Dec. 11 - Italy's Prime Minister has won a confidence vote in the lower house of parliament after warning the country risked chaos if it dd not back him. Earlier he promised a package of reforms to lift Italy's stagnant economy back to growth. Hayley Platt reports.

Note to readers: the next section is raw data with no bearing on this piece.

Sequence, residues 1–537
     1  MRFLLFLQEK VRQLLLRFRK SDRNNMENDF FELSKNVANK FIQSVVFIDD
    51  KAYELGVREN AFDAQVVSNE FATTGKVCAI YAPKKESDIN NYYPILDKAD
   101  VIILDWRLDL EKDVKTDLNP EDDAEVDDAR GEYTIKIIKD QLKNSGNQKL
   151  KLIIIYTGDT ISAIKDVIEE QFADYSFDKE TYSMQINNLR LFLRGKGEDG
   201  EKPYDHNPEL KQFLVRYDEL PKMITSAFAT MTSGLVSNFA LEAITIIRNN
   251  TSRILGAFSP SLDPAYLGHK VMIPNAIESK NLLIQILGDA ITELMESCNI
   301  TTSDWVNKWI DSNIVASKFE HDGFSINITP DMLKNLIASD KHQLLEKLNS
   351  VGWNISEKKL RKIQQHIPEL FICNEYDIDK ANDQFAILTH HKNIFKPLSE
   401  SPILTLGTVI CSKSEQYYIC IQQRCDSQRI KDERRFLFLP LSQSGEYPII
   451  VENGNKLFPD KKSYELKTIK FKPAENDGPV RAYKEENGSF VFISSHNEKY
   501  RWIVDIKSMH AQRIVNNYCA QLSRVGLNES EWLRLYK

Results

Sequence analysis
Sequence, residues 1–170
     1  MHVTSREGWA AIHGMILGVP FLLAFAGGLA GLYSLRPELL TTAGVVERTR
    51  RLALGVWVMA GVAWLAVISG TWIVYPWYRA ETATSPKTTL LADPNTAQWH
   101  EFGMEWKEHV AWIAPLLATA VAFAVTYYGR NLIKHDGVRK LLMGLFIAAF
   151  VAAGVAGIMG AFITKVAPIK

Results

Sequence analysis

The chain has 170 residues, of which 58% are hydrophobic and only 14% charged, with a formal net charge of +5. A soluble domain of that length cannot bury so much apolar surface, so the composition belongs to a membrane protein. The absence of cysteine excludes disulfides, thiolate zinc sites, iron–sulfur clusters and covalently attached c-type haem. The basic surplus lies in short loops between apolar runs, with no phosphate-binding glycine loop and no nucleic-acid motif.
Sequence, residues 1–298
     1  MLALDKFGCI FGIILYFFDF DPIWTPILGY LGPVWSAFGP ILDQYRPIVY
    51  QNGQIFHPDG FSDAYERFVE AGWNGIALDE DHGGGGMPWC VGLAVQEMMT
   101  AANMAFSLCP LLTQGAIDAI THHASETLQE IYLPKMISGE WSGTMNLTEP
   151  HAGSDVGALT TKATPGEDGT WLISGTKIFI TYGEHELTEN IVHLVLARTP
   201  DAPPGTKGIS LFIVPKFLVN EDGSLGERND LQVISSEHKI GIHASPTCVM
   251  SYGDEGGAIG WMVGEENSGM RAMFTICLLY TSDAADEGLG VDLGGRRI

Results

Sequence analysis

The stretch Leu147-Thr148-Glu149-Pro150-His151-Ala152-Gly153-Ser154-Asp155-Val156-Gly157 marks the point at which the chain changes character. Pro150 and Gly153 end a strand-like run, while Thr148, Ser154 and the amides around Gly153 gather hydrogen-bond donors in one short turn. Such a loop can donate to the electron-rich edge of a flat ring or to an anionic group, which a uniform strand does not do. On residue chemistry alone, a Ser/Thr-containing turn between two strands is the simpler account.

For two decades they've avoided reforms - it's time Italy took action. That was the message from Prime Minister Enrico Letta as he endured another government confidence vote. (SOUNDBITE) (Italian) ITALIAN PRIME MINISTER ENRICO LETTA SAYING: "I'm proud to be here to tell you our game tactic will be to attack, because Italians have the right to be paid back for their sacrifices. We won't allow the country to fall back into chaos." Italy's economy is stagnant. And two years of recession and painful austerity has left the public feeling bitter. A rise in industrial output in October offered some hope. But progress is slow, says Joshua Raymond from City Index SOUNDBITE: Joshua Raymond, Market Strategist, City Index, saying (English): "The data that we're seeing from Italy is still incredibly volatile. I don't think we've seen a massive vote of confidence and people are still sitting on the fence." Letta is planning new electoral laws to try and end the political deadlocks which have often held Italy back. He also wants to cut Italy's massive public debt - the second highest in the euro zone. Lower taxes for families and companies are on offer, plus a promise to reduce unemployment and boost public investment. Privatisations will continue and state employees will be offered shares in companies like the post office. It's an 18 month plan to create 1% growth next year and 2% the year after. But his government needs to last that long. This was his third confidence vote since October and with Berlusconi now banned from parliament there is room for political manoeuvering.